Peanuts are a common cause of anaphylactic shock in children
Scientists have made a breakthrough which could reduce the risk of children suffering serious allergic reactions to peanuts and other food.
A team of Glasgow University researchers identified a molecule which amplifies allergic reactions.
They have also developed a biological agent which they believe will reduce the symptoms.
It is hoped the discovery could lead to a huge reduction in the number of fatal anaphylactic shock cases.
Anaphylaxis is a severe allergic reaction that can lead to cardiac arrest and death.
Common causes include foods such as peanuts, tree nuts, sesame, fish, shellfish, dairy products and eggs.
Non-food causes include wasp or bee stings, rubber, penicillin and other drugs or injections.
Led by Dr Alirio Melendez and Prof Eddy Liew, the team found that the novel cytokine (immune hormone) - IL-33 - plays a key role in the development of anaphylaxis.
Dr Melendez said: "We looked at a number of patients who had experienced anaphylaxis during surgery and found that they had very high levels of the molecule IL-33.
"IL-33 is a relatively new discovery and its part in anaphylaxis, or any pathology, has not been greatly understood.
"Our study showed that IL-33 plays a pivotal role in hugely increasing the inflammation experienced during a period of anaphylactic shock and led us to understand how to intervene to reduce its impact."
An anaphylactic shock prompts a massive inflammatory reaction which often is so severe that it constricts breathing.
In their study, the team found that the severity of the shock is linked to the IL-33 molecule, which acts as an amplifier to the inflammatory reaction.
This can lead to a fatal constriction of the airway and, ultimately, death.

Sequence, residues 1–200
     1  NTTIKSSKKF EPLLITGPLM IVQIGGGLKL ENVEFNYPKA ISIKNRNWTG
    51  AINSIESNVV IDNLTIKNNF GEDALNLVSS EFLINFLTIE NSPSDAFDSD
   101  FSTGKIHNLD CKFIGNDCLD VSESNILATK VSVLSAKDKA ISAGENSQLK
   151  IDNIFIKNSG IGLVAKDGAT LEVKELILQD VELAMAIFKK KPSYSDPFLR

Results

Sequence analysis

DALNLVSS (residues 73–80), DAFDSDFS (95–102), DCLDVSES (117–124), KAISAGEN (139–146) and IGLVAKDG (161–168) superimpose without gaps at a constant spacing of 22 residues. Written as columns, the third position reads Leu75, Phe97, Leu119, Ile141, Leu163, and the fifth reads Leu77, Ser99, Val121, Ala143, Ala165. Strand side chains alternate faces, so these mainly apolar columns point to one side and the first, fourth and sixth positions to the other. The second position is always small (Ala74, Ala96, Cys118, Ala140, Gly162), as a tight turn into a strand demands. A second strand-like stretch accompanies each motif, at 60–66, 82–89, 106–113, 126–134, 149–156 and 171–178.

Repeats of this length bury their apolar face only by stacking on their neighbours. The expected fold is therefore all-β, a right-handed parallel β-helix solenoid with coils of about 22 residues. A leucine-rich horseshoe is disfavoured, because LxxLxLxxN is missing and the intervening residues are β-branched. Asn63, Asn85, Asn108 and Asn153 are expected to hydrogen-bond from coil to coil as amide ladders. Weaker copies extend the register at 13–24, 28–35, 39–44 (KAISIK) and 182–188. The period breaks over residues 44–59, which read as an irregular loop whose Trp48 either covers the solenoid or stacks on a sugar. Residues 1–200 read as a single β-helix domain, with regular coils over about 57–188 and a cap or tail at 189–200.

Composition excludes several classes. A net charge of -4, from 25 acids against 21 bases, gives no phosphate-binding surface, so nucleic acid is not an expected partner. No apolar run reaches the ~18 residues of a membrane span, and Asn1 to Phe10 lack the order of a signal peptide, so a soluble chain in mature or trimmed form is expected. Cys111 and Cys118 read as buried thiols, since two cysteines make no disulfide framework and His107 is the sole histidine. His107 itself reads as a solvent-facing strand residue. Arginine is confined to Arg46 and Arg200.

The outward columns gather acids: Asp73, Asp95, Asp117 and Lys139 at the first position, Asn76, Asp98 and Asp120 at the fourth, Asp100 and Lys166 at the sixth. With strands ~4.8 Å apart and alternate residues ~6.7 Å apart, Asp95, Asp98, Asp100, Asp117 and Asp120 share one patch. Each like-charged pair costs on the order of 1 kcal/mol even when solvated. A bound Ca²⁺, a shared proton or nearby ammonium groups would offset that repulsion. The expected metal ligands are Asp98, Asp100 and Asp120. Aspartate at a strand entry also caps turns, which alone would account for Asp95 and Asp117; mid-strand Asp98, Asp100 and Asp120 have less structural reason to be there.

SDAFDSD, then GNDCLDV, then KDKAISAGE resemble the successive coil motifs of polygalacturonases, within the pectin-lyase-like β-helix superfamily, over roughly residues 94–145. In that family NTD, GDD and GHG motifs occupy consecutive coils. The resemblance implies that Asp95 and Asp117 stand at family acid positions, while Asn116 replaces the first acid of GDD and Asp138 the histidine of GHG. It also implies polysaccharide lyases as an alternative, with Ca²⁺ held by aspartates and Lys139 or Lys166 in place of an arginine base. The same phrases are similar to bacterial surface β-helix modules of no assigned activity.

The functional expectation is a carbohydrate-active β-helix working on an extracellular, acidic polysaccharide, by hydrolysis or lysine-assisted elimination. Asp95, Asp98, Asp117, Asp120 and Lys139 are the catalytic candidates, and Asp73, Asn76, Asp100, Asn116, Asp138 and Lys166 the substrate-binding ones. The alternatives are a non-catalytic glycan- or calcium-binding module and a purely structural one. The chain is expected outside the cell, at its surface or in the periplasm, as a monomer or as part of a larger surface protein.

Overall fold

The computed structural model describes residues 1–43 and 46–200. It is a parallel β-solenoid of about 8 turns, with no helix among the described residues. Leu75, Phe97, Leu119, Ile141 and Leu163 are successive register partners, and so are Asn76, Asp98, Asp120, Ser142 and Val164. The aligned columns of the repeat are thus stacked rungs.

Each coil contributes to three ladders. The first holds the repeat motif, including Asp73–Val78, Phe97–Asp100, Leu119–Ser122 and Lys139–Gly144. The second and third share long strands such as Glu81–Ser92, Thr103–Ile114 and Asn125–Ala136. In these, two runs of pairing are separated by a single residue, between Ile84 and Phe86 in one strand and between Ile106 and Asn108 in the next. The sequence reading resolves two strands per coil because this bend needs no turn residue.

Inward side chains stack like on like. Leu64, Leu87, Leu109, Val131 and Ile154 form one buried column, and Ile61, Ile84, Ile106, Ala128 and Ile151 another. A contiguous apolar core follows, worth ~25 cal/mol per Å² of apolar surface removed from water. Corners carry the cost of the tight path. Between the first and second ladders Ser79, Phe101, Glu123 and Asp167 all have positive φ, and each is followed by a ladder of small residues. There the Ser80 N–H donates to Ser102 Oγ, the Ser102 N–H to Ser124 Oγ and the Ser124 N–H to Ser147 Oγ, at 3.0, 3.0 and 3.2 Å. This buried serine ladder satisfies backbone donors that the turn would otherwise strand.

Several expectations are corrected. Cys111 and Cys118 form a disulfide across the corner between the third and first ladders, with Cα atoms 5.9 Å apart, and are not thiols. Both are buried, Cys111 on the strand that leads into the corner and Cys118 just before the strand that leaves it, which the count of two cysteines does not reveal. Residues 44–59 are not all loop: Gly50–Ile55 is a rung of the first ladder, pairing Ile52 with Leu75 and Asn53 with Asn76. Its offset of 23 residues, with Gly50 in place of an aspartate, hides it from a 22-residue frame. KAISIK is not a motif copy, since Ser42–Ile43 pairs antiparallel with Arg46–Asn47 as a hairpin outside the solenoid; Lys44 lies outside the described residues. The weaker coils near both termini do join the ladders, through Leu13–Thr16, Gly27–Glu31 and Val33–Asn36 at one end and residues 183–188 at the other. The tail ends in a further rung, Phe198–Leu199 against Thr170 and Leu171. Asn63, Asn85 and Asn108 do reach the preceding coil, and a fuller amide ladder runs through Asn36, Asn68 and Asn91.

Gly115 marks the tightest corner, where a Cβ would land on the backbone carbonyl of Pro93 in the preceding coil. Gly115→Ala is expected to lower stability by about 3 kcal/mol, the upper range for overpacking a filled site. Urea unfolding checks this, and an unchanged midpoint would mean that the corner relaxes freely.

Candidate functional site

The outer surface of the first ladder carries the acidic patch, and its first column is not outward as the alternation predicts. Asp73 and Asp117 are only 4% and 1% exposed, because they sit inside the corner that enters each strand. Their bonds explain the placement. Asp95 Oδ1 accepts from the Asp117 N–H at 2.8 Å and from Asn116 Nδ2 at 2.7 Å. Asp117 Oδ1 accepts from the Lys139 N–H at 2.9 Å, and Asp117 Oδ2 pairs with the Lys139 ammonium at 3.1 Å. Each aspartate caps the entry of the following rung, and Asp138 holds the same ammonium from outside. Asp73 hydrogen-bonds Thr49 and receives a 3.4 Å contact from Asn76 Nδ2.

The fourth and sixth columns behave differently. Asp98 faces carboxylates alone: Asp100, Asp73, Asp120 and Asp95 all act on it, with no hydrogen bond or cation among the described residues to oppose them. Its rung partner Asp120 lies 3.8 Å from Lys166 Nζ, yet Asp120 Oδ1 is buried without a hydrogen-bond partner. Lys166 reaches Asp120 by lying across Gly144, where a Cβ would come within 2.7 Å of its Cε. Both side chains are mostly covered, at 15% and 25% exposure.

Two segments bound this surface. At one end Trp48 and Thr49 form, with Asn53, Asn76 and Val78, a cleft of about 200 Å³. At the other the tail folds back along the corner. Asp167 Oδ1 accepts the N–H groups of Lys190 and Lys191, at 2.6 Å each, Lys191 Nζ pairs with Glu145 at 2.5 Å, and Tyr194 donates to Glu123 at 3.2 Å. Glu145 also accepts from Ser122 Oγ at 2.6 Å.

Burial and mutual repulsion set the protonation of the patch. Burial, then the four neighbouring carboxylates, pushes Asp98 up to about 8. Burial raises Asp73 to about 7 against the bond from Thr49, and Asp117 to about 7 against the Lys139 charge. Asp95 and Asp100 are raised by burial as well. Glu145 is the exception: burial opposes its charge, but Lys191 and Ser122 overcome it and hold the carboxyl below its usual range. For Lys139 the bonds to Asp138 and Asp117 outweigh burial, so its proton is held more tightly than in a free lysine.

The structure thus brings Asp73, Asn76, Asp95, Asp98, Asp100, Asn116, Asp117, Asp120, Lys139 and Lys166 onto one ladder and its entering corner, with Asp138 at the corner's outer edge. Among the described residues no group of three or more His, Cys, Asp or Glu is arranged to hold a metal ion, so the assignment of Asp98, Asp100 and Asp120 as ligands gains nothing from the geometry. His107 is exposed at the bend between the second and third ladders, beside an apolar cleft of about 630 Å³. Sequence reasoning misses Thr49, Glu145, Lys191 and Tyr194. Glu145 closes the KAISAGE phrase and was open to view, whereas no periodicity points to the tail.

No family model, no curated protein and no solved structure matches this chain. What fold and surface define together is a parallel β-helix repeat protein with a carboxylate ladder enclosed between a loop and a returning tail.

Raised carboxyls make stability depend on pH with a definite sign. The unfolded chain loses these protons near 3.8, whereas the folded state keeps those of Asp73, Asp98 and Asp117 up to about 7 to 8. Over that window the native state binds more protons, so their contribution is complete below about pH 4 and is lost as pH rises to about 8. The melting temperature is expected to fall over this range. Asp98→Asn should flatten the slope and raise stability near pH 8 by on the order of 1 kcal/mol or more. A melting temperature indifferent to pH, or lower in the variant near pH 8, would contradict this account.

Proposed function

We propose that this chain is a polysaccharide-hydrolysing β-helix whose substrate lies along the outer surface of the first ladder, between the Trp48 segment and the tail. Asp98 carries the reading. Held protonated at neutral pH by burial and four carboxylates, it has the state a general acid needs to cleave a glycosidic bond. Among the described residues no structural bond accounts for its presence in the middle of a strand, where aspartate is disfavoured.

"Our study suggests that patients with the most severe anaphylactic reactions have very high levels of IL-33 in their system," Dr Melendez added.
"In basic terms, without the IL-33 molecule, the allergic reaction experienced would be far less severe, greatly reducing the risk of death."
The findings were published in the Proceedings of the National Association of Sciences of the USA (PNAS) journal.
The team successfully used a mouse model to show that blocking the IL-33 molecule reduces the severity of the attack.
Dr Melendez said the team was now further studying the role of IL-33 in anaphylaxis and similar disorders, and planned to further these studies on food, venoms and drugs-mediated anaphylaxis.
The research team is based at the university's Biomedical Research Centre.
Acute food allergy is thought to affect 500,000 people in the UK, and is most common in children.
Children are very likely to outgrow an allergy to milk, eggs, soy or wheat, but allergies to peanuts, tree nuts, shellfish or fish are less frequently outgrown.
International comparisons show that the UK population has the highest prevalence of allergy in Europe and ranks among the highest in the world.